Formatting Guidelines
 

Before you submit your book to us, we ask that you follow the guidelines on this page. It must be formatted according to our guidelinesbefore you send it to us. The guidelines below are not difficult, but it will require attention on your part.

 

The books you submit to us must be a Microsoft Word file. If you use Word 2007, make sure you have installed the Office 2007Service Pack 2 to avoid a bug that deletes spaces between words. Link here: http://www.microsoft.com/download/en/details.aspx?displaylang=en&id=5

 

Page Layout

1. 1" margins all around; 8.5 by 11 inch paper

2. No headers or footers

Headers and Footers are crucial in books in print, but they are useless in an ebook. Every device uses a different sized screen, so page numbers in a header would be useless. And whatever other information you might put in a header will take up screen real estate badly needed for the book itself. If you have already established headers or footers in your book, delete all content within them. If your book eventually goes to print, we'll put the headers back.

3. No page numbers

4. No section breaks

Ebook formats don't recognize section breaks.

5. No indents at beginning of paragraphs-no tab markers

Some ebook formats don't recognize TABS. This would have disastrous results if paragraph separation depends on indents separating paragraphs. No doubt you've already used TABS to indent and now you're thinking, "Help! What do I do now?" This is what you do--

1> First single space the entire document. This is very important.
2> Put the cursor at the beginning of the document.
3> Open the Find/Replace window.
4> In the Find field put a paragraph marker followed by a TAB character. To do this, find the "Special" dropdown menu. (It'll be there somewhere, although how you reveal it varies from one version of Word to another.) At the top of the list you'll see "Paragraph Marker" and "Tab Character". Select one, then the other until they are both in the Find field, paragraph marker first, tab character second, and there should be no space between them.
5> In the Replace field put two paragraph markers, once again using the Special dropdown menu to access them.
6> Click the "Replace All" button.

6. Single space lines within paragraphs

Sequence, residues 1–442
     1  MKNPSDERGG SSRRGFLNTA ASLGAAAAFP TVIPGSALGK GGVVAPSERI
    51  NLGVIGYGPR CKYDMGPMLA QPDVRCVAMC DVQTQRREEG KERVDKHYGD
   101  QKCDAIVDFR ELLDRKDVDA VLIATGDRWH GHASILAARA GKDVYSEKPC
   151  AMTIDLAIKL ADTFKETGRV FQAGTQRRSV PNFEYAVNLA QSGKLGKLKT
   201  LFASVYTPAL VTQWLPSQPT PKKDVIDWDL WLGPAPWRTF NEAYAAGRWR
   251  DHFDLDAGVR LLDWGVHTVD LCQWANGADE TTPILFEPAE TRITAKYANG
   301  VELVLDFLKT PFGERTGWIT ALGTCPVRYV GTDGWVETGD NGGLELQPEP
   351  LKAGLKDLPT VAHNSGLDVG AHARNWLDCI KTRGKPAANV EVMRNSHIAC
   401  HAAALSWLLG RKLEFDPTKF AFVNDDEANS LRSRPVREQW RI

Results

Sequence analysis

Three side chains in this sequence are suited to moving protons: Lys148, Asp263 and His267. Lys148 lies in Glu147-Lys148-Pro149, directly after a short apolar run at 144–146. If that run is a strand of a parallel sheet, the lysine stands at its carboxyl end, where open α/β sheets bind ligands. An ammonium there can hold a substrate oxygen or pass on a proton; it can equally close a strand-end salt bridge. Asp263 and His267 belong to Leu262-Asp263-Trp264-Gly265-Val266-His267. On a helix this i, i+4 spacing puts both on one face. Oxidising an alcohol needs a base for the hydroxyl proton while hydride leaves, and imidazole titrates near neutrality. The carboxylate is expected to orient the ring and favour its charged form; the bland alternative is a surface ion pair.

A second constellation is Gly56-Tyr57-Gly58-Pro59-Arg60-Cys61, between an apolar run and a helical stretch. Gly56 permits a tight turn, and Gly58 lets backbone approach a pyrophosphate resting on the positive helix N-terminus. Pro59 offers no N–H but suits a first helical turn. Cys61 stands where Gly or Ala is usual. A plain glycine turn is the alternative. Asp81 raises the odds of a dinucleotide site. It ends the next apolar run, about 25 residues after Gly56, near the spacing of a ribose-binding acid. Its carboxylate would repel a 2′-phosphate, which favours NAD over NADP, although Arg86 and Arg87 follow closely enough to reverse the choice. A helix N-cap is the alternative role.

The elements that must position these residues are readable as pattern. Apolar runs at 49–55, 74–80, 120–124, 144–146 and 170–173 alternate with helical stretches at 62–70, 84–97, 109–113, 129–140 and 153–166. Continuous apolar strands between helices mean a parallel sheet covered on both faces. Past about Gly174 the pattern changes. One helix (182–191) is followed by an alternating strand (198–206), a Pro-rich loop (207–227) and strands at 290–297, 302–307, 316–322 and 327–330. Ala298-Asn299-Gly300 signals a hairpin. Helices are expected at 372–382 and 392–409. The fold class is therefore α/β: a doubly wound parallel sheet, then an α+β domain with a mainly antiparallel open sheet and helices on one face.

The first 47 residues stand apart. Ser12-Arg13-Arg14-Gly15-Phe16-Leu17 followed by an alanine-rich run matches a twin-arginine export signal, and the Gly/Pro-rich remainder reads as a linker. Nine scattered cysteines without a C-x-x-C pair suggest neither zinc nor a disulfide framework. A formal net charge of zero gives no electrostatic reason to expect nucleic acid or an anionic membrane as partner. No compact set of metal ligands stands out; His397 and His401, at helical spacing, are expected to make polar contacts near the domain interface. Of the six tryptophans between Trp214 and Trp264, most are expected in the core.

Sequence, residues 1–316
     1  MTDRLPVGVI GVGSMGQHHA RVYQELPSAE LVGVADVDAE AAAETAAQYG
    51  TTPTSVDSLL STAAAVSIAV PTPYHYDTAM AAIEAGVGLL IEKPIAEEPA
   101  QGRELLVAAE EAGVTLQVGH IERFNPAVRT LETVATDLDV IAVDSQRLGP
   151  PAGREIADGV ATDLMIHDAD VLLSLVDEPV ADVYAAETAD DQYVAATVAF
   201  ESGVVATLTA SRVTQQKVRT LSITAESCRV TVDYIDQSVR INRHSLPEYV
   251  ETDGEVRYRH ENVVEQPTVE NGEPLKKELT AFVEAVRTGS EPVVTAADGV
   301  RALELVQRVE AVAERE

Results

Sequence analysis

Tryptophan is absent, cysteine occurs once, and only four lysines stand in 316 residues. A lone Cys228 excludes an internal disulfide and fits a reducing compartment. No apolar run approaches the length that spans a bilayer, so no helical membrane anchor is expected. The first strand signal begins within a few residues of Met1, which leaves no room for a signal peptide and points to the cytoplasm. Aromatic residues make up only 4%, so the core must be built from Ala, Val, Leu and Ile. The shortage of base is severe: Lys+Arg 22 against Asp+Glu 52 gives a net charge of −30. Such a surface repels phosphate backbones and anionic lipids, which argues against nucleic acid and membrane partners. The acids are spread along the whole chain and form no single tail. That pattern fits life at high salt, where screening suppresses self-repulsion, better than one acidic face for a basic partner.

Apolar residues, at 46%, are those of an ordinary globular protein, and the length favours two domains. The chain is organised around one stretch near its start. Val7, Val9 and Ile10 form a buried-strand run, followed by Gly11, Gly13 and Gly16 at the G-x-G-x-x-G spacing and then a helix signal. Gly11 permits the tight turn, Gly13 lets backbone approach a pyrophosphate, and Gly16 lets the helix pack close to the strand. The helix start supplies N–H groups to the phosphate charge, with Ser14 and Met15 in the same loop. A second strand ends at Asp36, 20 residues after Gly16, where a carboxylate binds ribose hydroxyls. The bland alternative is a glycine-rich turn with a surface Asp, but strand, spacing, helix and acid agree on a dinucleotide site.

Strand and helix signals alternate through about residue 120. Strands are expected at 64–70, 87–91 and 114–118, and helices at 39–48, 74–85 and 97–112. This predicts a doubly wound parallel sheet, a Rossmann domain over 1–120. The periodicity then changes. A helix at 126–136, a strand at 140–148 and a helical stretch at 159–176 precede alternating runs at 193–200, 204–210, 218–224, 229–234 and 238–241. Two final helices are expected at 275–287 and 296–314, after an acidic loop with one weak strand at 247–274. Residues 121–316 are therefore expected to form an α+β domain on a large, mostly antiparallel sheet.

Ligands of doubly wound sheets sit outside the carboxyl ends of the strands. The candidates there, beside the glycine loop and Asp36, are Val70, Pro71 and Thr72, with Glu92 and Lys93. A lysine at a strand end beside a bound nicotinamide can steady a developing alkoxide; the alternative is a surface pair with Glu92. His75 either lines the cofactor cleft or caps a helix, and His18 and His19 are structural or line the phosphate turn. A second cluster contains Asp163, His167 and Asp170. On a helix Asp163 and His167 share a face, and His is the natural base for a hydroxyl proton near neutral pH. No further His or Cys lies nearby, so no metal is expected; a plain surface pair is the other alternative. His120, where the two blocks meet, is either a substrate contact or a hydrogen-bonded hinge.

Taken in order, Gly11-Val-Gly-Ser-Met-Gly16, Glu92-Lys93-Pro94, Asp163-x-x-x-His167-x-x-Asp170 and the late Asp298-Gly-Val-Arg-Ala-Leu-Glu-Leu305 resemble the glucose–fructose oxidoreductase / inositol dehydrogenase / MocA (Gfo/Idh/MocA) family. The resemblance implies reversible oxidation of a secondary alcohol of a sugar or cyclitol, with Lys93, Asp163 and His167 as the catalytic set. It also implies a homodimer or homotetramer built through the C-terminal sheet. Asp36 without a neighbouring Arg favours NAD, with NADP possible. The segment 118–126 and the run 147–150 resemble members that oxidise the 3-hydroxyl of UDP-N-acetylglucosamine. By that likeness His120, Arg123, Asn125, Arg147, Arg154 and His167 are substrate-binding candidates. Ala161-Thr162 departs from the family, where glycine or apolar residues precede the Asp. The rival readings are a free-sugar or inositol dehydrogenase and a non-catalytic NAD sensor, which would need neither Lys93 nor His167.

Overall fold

7. Single space after periods at the ends of sentences

Do a quick find and replace to fix this. Search for two spaces and replace with one space, and you do this in the find and replace box. You need to click the Find/Replace button, repeating the find-replace, until "0" appears in the box. When you see the zero you will know that all double spaces have been replaced by single spaces.

8. Double paragraph return/hard break at end of each paragraph

Double paragraph return refers to two lines separating each paragraph with no indents (Tab characters) used. If you don't know how to delete the Tabs and replace with a double hard return between paragraphs using search and replace, go to 5 above. DO NOT USE MANUAL LINE BEAKS (SHIFT+ENTER). DO NOT PUT SPACES BEFORE OR AFTER THE PARAGRAPH RETURNS.

9. Center chapter heads in BOLD type with capital and lower case letters (Chapter Twenty-one using FORMAT CENTER, not tab key; and put one hard break before and after it. Do not use the TAB key to center text! When centering, use the format button available to you in the menu bar, or on the format dropdown menu which is now used in the newer versions of Word. Using the TAB key does not center. It only approximates. Centering using TABS will be unrecognized in most ebook formats and that formatting will be lost. So please don't center this way.

10. Spell out number of chapter (i.e., "Three" not "3"). Use 12 point font. BOLD TYPE.

11. Center scene breaks using FORMAT CENTER, not the tab key; the preferred format is ~ * ~ one hard break before and after and a space before and after the *.a page break

12. Page breaks: should be used after last paragraph in a chapter, insert one hard break then a page break.

 

 MANUSCRIPT STYLES:

13.  Use Times New Roman font, and set it for 12 point.

14> Turn off all special formatting

15> Do not use styles. They will have to be removed for formatting. Electronic publishing requires a very 'stripped down' file to work with. So, please, if you already have styles in your book file, Select all, then choose "Normal" for the style. You might have to put back attributes like italics and centering,

16> In fiction numbers are generally spelled out. Some numbers are acceptable, such as year (1863, 2005), a full date (25 January 1973, July 4, 1776) military time (0745, 2230), house numbers (421 Main, 20512 East Thirty-fourth Street), but when in doubt, check a good style manual or English composition text.

17> Avoid the use of symbols or abbreviations whenever possible (e.g., percent, not %; Avenue, not Ave.).

18> Foreign words should be italicized. Be careful about diacritical marks; they are often important and a wrong or missing one can make a word's meaning change. Foreign names and place names are usually not italicized.If you must use them, keep them to an absolute minimum.